Woodbury MBA Graduate Turned Memory Coach Shares Secret to Retaining Knowledge

Uriel Avila
Uriel Avila (’16)

Uriel Avila, Woodbury MBA alumnus (’16), came from humble beginnings with immigrant parents who taught him perseverance, ethics, and determination. The second  of his family of seven to earn a college degree, Uriel graduated from Cal State Los Angeles with a Bachelor of Science (BS) in Computer Information Systems and Economics. He furthered his education at Woodbury, where he earned his Master in Business Administration (MBA), while tutoring fellow students in finance, accounting, quantitative methodologies, and economics.

When preparing for the Graduate Management Aptitude test (GMAT), Uriel realized that rote learning, a memorization technique based on repetition, was not sufficient enough to retain the information needed to do well on the exam, nor achieve the good grades he aspired to attain as an MBA student. To find a better approach to learning, he sought out memory mentors and researched alternative techniques. What he discovered was profound. Rather than memorizing by repetition, he learned it was much more effective to transform information into vivid images that could be easily retrieved from the brain when needed.

Using this newly acquired skill, Uriel improved his GPA from a 2.52 as an undergraduate to a 3.84 as a graduate student at Woodbury. His belief in what he calls the ‘know-that-they-know’ technique, inspired Uriel to launch his own company, Memory Fitness Training, where he coaches clients to activate both hemispheres of the brain with mental exercises to increase retention capacity.

We caught up with Uriel in an interview to learn more about these proven memory techniques and how he’s boosting the self-confidence and bettering the lives of his clients.

Are these your own learning techniques – that is, proprietary – or a synthesis of approaches you’ve picked up from others?

These techniques have been around for over 2,500 years and used all around the world in niche applications. However, I have incorporated my own personal approach by indexing the information and applied it to my academic, professional, and everyday life. I have learned many specific applications from various mentors, such as Dominic O’Brien, a mnemonist and eight time World Memory Champion, Joshua Foer, a  science journalist and US Memory Champion, and Jonas von Essen, a mnemonist and two-time World Memory Champion.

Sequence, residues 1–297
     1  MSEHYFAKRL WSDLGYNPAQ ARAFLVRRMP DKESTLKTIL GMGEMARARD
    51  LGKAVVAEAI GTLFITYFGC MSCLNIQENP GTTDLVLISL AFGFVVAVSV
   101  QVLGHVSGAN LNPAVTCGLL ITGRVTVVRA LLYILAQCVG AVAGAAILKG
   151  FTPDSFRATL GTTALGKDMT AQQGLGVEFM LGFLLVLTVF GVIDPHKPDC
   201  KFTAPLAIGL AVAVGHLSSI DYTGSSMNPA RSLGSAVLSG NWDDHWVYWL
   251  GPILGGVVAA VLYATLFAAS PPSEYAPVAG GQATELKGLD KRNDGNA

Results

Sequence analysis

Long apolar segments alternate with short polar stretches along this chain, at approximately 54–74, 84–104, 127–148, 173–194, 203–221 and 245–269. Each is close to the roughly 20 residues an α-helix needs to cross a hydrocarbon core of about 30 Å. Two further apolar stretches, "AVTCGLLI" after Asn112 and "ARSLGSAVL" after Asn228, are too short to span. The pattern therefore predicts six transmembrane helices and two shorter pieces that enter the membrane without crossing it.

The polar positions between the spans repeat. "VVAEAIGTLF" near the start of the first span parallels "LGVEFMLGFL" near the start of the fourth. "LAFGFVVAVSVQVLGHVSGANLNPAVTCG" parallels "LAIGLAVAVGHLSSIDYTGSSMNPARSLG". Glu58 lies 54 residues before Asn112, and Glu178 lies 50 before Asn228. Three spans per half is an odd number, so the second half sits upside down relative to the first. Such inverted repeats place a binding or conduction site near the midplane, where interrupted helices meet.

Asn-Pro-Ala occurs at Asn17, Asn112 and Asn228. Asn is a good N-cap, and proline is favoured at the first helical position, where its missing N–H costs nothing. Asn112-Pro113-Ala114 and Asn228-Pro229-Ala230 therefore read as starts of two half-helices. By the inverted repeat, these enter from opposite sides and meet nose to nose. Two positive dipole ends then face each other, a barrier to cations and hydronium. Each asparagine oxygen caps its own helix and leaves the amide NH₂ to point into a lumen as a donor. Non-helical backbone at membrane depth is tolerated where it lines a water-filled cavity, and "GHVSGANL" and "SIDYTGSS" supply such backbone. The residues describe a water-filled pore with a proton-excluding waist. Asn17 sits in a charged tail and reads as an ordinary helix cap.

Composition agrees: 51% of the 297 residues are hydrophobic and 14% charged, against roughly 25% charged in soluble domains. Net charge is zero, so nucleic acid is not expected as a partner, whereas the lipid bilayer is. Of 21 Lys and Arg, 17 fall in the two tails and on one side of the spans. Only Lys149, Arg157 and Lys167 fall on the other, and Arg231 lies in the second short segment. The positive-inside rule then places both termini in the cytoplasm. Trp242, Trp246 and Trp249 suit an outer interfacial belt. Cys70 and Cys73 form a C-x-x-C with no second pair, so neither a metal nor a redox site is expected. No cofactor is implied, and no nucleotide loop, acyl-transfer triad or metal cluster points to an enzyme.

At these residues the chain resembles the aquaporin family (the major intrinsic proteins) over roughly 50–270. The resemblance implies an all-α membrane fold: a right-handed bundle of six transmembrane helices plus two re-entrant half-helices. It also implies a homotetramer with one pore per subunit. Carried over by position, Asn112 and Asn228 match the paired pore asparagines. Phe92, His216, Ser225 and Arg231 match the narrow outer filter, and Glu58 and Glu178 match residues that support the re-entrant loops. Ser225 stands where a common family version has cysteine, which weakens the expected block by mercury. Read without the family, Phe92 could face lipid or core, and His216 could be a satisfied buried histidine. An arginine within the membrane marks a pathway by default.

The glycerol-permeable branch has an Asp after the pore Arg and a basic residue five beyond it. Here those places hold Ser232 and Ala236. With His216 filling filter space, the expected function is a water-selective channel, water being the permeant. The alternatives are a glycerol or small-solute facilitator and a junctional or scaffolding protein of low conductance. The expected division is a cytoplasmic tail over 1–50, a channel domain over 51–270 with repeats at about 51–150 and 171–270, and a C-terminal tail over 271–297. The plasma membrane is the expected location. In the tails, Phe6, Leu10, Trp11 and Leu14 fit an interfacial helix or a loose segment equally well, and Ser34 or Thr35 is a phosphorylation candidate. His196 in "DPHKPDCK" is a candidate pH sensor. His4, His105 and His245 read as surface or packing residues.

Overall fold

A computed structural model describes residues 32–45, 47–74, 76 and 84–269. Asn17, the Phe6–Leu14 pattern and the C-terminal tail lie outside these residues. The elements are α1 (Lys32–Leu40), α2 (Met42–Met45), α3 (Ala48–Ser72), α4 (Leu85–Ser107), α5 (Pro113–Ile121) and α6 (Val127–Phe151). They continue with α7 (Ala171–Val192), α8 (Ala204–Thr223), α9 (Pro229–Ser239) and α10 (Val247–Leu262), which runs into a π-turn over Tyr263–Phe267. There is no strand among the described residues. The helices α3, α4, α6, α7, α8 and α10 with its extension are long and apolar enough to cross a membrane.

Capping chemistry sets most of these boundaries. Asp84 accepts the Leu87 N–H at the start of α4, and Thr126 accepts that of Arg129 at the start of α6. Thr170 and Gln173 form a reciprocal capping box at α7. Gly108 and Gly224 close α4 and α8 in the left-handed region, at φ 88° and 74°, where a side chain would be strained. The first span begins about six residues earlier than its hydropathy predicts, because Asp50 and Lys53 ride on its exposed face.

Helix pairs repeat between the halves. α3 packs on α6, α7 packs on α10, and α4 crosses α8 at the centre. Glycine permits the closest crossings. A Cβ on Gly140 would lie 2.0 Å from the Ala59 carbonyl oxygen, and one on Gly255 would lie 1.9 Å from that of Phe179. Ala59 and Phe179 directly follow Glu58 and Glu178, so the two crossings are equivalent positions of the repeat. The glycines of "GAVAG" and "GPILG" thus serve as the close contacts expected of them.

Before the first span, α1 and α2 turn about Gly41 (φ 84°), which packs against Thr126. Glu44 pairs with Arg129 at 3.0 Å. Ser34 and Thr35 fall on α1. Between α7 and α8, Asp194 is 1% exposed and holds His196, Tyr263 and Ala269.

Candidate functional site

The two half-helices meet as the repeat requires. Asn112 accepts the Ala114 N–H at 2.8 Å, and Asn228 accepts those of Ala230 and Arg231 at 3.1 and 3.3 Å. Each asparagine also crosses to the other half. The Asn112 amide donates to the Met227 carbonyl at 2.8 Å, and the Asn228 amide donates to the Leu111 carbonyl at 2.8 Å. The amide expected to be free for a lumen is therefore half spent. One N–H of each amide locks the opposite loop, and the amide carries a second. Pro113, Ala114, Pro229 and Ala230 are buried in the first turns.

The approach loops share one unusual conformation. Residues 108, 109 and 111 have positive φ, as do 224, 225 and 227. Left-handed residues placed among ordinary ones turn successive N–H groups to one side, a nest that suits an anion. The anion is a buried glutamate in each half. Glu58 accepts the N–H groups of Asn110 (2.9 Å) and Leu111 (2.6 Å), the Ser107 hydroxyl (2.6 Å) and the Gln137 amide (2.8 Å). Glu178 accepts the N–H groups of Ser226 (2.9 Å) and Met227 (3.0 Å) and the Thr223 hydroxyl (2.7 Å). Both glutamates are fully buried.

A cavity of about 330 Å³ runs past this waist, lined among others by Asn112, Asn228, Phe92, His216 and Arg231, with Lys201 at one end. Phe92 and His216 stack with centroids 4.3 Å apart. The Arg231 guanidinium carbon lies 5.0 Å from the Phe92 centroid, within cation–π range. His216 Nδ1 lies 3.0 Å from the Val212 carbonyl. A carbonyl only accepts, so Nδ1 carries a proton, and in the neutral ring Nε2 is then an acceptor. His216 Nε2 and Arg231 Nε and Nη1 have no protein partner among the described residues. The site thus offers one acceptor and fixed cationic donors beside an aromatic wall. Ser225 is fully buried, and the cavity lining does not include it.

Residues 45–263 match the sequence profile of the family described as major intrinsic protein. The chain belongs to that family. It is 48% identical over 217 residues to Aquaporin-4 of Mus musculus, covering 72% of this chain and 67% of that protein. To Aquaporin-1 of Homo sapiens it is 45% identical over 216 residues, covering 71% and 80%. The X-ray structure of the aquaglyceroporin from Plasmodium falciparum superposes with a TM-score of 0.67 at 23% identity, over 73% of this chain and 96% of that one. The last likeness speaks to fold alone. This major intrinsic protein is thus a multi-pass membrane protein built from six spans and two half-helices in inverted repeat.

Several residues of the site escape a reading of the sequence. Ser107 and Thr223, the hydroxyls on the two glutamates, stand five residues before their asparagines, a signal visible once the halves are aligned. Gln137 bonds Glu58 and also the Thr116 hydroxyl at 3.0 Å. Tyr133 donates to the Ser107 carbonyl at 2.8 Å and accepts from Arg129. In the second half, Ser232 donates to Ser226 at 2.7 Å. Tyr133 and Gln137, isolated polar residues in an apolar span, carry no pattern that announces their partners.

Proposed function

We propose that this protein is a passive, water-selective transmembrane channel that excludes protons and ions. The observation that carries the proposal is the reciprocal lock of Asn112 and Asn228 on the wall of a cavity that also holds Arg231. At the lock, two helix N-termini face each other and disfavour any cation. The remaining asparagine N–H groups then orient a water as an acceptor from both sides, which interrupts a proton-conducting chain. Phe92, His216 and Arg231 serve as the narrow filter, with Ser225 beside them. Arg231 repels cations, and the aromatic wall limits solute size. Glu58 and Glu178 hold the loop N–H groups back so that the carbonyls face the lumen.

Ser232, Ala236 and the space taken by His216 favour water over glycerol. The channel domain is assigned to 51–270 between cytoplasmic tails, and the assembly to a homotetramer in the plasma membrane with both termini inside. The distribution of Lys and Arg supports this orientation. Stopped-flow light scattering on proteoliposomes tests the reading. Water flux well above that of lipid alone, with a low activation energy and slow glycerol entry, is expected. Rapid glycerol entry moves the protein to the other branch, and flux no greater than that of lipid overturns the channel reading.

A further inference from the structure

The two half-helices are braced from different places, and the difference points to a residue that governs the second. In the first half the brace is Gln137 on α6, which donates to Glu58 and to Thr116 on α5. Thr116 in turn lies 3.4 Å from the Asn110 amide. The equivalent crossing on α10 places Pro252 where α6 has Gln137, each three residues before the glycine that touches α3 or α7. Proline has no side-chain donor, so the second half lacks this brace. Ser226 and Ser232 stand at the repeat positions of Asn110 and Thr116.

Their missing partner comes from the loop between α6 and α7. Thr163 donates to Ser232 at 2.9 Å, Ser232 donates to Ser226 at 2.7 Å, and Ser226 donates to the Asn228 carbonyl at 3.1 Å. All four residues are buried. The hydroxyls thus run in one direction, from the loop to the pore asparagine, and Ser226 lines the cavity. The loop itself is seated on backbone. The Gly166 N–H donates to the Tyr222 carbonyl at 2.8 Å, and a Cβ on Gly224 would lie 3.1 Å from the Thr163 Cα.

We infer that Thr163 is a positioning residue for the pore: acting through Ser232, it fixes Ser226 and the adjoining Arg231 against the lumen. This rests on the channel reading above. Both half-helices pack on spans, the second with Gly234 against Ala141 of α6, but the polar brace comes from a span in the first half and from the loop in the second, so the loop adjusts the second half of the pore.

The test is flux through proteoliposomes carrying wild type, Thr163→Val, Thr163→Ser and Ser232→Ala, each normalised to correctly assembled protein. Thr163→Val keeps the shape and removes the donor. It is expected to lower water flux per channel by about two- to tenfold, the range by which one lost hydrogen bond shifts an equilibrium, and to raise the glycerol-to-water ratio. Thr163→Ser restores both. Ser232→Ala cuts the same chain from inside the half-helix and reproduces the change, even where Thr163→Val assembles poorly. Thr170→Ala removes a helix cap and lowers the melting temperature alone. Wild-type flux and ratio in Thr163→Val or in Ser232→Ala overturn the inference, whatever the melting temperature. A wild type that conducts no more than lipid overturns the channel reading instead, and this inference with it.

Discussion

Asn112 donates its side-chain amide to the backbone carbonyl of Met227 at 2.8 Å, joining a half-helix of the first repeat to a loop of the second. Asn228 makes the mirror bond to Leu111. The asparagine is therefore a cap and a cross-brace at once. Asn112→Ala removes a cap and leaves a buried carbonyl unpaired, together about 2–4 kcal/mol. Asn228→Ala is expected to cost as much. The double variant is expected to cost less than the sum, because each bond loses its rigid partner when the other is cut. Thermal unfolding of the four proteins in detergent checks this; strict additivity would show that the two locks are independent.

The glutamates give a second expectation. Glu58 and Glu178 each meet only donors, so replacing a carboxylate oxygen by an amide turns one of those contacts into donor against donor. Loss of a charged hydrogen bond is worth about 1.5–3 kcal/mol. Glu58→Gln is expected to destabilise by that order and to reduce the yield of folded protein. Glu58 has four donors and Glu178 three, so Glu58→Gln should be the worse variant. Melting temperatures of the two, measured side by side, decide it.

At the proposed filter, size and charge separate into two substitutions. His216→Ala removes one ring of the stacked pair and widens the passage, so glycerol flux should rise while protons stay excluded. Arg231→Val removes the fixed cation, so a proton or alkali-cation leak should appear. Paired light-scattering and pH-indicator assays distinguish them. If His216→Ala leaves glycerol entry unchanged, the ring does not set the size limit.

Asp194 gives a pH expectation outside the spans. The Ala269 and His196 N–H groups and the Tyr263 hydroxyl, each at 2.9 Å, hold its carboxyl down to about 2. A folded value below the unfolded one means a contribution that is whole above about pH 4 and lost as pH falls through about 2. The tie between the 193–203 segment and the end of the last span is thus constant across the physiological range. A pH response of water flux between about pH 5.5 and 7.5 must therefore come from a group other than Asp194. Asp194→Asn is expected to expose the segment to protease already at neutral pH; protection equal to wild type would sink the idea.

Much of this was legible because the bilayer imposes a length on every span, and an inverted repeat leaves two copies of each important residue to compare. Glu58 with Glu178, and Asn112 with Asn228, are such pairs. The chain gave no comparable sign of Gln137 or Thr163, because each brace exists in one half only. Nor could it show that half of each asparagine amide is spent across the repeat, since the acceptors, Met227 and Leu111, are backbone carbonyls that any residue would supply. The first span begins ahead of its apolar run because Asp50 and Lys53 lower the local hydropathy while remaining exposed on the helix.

Are your techniques especially applicable to the multiple-choice test-taking environment, or did they prove helpful for regular classroom work as well (e.g., essay tests)?

The techniques can be used in both environments. With multiple-choice test-taking, our students learn to store the answers in the brain in a specific location with vivid imagery. When they review the answers, in his or her head with their eyes closed, he or she can easily eliminate the incorrect choices and select the correct answers.  In regular classroom environments, students can recite meaningful quotes from a book by mentally recalling images. They can also make presentations by creating space in his or her brain and practice for three 15 minute intervals.

What’s your feeling about why this approach works?  

The reason this approach works is because it causes a deep processing of information with mental-hooks recalling the subject stored in our brain. Rote reading only works if you continue repeating the information mentally. Whereas, storing, seeing, and understanding the subject is easy and fun to recall. Moreover, the student won’t have to memorize the information; rather, they only need to mentally review the stored data and retrieve it when it is needed.

Do these techniques combat test anxiety?  

Absolutely! An individual’s anxiety is driven from uncertainty that they understand the topic or questions. With a memory coach, memory training, and mnemonic tools, the student will be confident that they ‘know-that-they-know.’

How much exposure have these techniques had in business and among those with memory issues?

These techniques have not had much exposure in business because most individuals rely on rote learning. However, our memory training has helped professionals learn the details on hundreds of new products when starting a new position and be able to easily recall clients’ names, adding a personal touch which always goes a long way.

Also, in consulting with neurologists, we have learned that our brains can build new neural-pathways and hooks to recall information with memory training.

Are you “productizing” your approach?  That is, is there a business here?

We are training our clients with these powerful techniques to not only pass tests, but also succeed in his or her careers with confidence. Just like a physical trainer, memory coaches exercise their brains and build “large-mental-muscles” to retain and recall hundreds of details. There are many mnemonic tools our clients use to dramatically transform his or her learning experience. When people grasp the memory tools, they are eager to acquire more and surprised they had not taken advantage of this learning approach long before. They leave with higher self-esteem, determination and motivation to conquer their next challenge!

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